The Ministry of Defence (MOD) has reported that three British troops were killed and six other individuals seriously harmed after a large roadside bomb (IED) detonated and caused major damage to their Mastiff armored vehicle.
The 23 tonne vehicle, which has been in operation in Afghanistan since 2006, is designed to protect its occupants from attacks such as this. The report stated that the three soldiers were taken by air to a military hospital in Camp Bastion, where it was confirmed that “they were killed in action.”
The men were part of an ongoing patrol in Southern Afghanistan, in the Nahr-e Saraj region of Helmand Province on Tuesday, and were part of the The Royal Highland Fusiliers, 2nd Battalion The Royal Regiment of Scotland.
This is the first time, since 2007, that the Mastiff armored vehicle has suffered fatalities. It’s unclear at the moment whether the IED had penetrated the vehicle and exactly what type of damage was done.
The Defense Secretary Philip Hammond said:
“I was deeply saddened to learn of the deaths of these soldiers, each highly praised and respected by their colleagues and commanders. It is clear from the tributes paid to them that they were exceptional men who served their country with distinction. My thoughts go out to the families and friends of these brave men at this very difficult time.”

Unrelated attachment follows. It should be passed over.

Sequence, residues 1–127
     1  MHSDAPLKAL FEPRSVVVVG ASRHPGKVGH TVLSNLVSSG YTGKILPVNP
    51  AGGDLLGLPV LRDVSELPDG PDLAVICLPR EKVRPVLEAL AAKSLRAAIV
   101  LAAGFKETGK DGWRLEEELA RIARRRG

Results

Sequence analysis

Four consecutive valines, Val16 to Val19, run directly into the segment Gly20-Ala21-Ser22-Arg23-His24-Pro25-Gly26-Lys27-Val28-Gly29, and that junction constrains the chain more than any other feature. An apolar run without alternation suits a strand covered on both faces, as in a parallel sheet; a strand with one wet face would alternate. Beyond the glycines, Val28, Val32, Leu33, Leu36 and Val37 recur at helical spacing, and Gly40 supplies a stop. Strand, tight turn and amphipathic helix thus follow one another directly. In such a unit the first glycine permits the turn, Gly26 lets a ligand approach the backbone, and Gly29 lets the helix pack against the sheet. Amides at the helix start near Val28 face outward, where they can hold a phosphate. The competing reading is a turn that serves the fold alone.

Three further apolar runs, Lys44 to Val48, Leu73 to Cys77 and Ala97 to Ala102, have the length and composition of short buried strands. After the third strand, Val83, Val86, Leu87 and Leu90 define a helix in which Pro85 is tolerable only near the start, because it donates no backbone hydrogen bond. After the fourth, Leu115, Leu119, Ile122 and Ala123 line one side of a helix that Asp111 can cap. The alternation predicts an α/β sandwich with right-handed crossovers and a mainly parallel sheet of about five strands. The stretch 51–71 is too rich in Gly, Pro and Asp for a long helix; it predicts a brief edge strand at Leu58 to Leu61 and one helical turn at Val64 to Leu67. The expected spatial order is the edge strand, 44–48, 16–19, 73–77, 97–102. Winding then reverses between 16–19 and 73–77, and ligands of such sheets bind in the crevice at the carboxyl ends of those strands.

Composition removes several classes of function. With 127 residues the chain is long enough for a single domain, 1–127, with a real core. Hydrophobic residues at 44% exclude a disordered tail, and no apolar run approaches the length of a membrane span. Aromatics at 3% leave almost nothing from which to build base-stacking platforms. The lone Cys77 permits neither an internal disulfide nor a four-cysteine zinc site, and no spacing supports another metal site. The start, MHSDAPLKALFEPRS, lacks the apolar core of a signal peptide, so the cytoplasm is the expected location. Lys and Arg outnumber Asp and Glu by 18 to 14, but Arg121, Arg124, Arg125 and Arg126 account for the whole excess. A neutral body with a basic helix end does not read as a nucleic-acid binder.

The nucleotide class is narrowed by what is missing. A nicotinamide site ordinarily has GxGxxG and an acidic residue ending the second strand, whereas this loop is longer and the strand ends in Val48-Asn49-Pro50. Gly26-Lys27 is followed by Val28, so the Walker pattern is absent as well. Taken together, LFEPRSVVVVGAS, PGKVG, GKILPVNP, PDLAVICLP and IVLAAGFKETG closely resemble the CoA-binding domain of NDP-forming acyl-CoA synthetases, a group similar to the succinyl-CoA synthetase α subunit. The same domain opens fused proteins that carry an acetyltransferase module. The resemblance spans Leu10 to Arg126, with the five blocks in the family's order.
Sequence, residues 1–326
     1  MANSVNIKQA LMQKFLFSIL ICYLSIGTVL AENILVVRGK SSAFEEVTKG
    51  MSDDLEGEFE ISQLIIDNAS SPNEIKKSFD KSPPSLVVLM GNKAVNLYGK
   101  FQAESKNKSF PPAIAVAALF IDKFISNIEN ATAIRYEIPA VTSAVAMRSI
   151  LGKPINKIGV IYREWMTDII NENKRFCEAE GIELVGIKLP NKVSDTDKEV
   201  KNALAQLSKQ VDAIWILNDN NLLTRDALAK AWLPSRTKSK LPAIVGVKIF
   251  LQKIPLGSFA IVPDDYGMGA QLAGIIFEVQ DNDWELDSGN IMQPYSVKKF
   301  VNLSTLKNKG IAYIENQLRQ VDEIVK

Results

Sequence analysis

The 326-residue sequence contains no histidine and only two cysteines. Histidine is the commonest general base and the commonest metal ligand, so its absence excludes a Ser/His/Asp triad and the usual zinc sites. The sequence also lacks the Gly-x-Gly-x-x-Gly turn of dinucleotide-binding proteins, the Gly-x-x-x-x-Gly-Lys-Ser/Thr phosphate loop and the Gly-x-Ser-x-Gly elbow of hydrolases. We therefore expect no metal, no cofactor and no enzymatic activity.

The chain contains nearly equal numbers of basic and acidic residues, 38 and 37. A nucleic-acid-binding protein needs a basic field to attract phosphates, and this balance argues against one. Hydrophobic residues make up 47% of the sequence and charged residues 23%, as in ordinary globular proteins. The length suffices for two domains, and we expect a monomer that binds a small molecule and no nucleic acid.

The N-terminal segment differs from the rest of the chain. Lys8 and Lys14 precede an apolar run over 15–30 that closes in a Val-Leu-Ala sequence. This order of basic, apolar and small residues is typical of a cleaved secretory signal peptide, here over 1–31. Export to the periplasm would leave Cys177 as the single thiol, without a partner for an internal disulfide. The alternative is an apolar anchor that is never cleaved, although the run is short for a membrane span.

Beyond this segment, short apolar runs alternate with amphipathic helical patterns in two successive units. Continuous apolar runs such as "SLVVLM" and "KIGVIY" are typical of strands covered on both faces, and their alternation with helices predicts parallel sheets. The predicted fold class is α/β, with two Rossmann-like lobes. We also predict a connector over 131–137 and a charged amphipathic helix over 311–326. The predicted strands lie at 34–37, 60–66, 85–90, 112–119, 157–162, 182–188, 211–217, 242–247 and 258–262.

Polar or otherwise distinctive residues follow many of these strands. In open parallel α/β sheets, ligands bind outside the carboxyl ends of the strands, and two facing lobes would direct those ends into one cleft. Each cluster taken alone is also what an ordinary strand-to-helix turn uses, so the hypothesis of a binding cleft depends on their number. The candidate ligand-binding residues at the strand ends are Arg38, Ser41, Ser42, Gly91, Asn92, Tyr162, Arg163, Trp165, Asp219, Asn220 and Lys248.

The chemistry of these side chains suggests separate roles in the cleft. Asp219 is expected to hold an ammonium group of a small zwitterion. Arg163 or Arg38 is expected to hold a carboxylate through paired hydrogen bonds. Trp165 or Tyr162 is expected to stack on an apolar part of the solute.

On March 7th, 2012 six British soldiers died after their Warrior armored vehicle was wrecked by a large IED in Lashkar Gah. It was thought that £1 billion upgrade to the Warrior armored vehicles came too late.
However, in this instance the Mastiff was specifically sent into combat to combat the use of IEDs by the Taliban. This raises concerns over changing tactics that the Taliban are employing and whether the Taliban will continue to have resources to use larger IEDs like this to inflict casualties on ISAF forces.
The UK has faced one of the heaviest death toll figures out of the ISAF countries in Afghanistan and since 2001 the UK has lost 444 service members; these are the first deaths to have occurred in 2013. Britain’s Prime Minister David Cameron has already ordered that the majority of British troops be pulled out by 2014 and for no combat troops to be in Afghanistan by 2015.’
Updated: EoD technicians from the 11th EoD Regiment estimate the size of the bomb to be in excess of 600lb, in a combination of explosive charges such as mines, artillery shells, and other improvised explosive devises. [Source: Express.co.uk] The wreck of the vehicle is currently being analysed by scientists from the government run Defence Science and Technology unit at Porton Down. Changes to the vehicles design will be made according to the report.